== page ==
• Violence HAS TO BE ENDED

  • How is it ended?

  • It could be any number of ways

  • But the MAIN WAY is that Jesus takes violence UPON HIMSELF rather than afflicting violence

  • Jesus, the RIGHTEOUS, suffers for the sake of the UNRIGHTEOUS

  • Jesus puts an end, in so many ways, to that CYCLE OF VIOLENCE

  • Jesus also gives us an opportunity to be a part of the CYCLE OF MERCY

  • The cycle of allowing oneself to suffer for the other

  • That is why our call to forgive is SO CLEAR in Jesus’ proclamation and teachings

  • AND YET…

  • Forgiveness is one of the HARDEST teachings of Christianity

  • EVERYBODY needs to forgive SOMEBODY

  • We recognize not only the importance of the genealogy, which represents the PROMISES OF GOD

  • We also recognize how DEADLY violence is, because it rarely ends on its own


  • In my heart today I say, “Ok Lord, where are the places of anger? Where are the places where I desire revenge or to be vindicated myself because of what someone else did or what someone else said? How do I imitate Jesus in this moment?”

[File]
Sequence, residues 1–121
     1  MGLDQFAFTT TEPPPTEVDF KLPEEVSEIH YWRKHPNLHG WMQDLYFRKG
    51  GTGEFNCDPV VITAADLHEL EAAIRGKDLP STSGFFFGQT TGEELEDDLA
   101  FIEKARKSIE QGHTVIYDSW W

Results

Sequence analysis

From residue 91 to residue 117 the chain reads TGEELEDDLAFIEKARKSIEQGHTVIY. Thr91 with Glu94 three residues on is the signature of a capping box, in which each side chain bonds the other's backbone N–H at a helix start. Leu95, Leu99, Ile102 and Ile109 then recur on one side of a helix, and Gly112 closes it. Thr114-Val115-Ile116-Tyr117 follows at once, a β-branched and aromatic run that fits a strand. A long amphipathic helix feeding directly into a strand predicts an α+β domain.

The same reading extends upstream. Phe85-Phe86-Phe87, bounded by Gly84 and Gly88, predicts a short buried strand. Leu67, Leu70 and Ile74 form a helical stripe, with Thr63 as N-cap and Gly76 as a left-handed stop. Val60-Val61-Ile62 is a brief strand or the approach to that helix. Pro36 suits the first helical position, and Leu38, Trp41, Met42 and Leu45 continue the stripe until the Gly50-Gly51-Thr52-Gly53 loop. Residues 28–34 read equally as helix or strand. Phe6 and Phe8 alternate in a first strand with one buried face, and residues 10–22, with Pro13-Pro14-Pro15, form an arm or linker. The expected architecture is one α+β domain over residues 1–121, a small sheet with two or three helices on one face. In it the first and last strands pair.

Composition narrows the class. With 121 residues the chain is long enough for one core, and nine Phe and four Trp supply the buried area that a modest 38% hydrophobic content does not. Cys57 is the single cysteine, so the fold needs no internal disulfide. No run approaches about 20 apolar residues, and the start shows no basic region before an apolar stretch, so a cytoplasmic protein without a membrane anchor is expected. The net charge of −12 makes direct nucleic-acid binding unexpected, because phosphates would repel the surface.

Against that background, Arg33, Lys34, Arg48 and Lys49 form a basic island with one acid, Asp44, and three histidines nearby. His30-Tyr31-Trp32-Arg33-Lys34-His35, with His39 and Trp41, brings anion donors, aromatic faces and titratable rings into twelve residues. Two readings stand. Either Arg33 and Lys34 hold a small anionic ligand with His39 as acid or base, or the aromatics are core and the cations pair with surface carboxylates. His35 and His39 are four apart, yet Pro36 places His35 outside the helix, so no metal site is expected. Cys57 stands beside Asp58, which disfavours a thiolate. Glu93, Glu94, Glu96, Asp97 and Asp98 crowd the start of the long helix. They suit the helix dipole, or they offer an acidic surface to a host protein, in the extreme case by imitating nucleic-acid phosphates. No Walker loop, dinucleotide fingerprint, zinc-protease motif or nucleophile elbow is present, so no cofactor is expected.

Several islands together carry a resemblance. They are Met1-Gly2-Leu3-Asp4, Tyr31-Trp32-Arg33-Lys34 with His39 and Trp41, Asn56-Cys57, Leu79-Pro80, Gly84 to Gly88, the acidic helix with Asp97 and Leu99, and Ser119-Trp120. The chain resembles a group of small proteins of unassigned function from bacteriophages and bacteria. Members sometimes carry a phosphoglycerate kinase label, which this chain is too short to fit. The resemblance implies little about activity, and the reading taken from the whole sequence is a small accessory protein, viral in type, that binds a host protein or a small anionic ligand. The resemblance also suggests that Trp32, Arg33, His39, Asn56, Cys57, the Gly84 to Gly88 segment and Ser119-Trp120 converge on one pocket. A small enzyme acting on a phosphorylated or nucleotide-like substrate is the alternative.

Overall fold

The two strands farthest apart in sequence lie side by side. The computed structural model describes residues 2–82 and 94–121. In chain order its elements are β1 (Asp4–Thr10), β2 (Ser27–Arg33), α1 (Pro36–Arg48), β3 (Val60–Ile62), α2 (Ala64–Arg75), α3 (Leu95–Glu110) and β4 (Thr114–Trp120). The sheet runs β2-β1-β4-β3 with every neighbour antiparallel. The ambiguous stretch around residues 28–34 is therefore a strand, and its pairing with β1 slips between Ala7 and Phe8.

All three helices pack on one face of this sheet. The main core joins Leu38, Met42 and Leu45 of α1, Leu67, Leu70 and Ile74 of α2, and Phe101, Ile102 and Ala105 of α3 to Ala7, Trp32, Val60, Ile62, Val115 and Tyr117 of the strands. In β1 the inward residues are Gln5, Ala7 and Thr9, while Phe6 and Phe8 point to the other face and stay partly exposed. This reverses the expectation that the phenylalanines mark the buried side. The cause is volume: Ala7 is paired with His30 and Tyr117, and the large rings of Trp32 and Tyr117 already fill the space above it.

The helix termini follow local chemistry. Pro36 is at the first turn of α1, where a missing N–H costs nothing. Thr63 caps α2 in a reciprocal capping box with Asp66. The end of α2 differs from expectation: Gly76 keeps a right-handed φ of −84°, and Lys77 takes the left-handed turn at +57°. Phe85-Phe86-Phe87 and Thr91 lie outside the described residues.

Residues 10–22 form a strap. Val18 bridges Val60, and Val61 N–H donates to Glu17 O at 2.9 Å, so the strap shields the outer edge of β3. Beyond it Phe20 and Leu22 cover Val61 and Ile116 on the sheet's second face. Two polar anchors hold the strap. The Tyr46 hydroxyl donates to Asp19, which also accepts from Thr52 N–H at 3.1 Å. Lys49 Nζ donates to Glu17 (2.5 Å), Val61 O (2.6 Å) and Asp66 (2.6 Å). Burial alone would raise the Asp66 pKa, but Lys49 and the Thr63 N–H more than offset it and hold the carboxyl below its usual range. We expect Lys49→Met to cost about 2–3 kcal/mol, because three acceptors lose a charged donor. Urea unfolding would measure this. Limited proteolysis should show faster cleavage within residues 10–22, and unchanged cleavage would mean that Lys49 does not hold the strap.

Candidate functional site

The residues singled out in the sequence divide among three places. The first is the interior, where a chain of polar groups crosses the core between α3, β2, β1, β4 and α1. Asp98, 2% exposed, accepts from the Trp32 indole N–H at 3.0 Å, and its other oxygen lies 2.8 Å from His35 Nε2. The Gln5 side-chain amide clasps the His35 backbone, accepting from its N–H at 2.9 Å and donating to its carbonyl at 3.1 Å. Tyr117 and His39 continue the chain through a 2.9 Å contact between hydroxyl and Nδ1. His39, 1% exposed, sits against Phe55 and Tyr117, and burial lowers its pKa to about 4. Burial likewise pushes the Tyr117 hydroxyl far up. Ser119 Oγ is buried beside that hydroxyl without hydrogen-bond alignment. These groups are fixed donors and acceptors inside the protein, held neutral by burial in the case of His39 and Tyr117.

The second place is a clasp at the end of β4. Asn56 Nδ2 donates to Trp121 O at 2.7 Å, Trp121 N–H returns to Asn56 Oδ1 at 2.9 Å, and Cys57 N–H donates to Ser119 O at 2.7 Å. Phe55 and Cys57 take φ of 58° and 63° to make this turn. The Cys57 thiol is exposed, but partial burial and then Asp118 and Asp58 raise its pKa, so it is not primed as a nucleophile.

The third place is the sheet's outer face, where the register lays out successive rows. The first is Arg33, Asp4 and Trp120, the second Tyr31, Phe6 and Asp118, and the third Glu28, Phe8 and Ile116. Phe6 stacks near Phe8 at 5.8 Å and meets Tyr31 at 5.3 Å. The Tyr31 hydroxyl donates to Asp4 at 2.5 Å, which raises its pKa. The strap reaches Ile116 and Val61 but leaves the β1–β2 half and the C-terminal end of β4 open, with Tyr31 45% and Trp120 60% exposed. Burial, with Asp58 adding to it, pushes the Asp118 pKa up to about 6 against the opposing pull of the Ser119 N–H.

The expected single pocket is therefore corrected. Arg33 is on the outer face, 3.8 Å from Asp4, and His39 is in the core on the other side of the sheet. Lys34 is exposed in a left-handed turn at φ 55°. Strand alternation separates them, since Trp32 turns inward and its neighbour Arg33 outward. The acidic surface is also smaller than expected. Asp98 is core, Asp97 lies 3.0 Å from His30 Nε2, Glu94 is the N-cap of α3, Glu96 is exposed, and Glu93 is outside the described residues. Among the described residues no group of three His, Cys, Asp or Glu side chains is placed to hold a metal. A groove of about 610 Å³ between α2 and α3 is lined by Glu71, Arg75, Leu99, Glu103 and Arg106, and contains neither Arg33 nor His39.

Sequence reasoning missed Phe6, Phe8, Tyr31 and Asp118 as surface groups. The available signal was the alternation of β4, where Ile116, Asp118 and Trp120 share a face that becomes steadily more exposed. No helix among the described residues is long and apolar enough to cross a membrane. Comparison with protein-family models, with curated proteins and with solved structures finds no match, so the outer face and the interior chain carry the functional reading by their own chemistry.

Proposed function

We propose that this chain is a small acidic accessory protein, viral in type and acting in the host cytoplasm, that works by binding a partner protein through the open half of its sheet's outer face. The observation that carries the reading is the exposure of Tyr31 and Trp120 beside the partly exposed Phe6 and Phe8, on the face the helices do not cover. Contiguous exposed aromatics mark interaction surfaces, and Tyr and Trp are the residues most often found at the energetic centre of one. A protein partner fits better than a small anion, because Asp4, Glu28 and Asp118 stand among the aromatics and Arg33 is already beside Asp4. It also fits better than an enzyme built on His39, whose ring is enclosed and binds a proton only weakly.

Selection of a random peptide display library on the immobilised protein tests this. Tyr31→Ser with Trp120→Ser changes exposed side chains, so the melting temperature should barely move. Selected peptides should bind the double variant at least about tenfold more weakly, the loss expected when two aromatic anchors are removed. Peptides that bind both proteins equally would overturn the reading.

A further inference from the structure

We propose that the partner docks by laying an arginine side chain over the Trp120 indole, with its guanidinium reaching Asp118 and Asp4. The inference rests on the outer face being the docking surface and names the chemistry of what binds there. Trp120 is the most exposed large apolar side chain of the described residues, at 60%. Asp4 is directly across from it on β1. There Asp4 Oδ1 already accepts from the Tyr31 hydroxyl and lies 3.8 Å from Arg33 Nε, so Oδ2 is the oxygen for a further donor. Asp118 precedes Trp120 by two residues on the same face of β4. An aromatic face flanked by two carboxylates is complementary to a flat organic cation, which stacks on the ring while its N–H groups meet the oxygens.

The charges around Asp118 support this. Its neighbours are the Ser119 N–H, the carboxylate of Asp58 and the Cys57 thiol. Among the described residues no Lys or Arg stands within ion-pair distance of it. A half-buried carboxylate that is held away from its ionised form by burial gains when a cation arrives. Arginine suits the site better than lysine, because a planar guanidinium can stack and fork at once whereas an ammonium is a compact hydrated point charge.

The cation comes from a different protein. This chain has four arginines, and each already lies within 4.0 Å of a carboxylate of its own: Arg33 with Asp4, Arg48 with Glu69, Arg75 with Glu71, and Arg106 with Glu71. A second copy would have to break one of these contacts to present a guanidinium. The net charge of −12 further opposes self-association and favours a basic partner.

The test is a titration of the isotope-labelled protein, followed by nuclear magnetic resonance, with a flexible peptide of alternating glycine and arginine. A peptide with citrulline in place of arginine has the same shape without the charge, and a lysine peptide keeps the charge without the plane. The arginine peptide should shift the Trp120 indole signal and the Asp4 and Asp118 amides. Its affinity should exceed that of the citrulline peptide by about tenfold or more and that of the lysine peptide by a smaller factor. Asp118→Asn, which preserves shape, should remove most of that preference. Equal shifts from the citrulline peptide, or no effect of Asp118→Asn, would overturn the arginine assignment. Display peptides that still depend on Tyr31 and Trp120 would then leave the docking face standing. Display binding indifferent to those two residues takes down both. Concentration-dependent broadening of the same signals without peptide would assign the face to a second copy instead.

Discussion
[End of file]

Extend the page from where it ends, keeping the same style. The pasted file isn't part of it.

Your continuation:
• In this moment, I LET THEM GO

  • In this moment, I SET THEM FREE



  • In this moment, I AM GOING TO END THIS ANGER


  • This is a very hard thing to do

  • So that’s why we PRAY FOR EACH OTHER


Prayer by Fr. Mike: “Father in Heaven we give you praise and glory today. We thank you so much for the unfolding of time. We thank you for the unfolding of the story of Salvation and the story of how, Lord God, you are willing to take time. You are willing to be patient, not only with us in our weakness and our littleness and our falseness, you are also willing to be patient with the passage of time, with other people’s decisions, and the fact that we have to grow and it takes time to grow. And so we thank you. We thank you for being patient with us. We thank you for giving us time. We thank you for allowing this time to be used. So we ask you, actually, help us to use this time to grow. Help us to use this time not as wasted time, not as stalling out time, but as time where we can always find you and you will ALWAYS ALWAYS find us where we are in this moment. We give you praise and we thank you. We make this prayer in the name of Jesus Christ, our Lord. Amen.”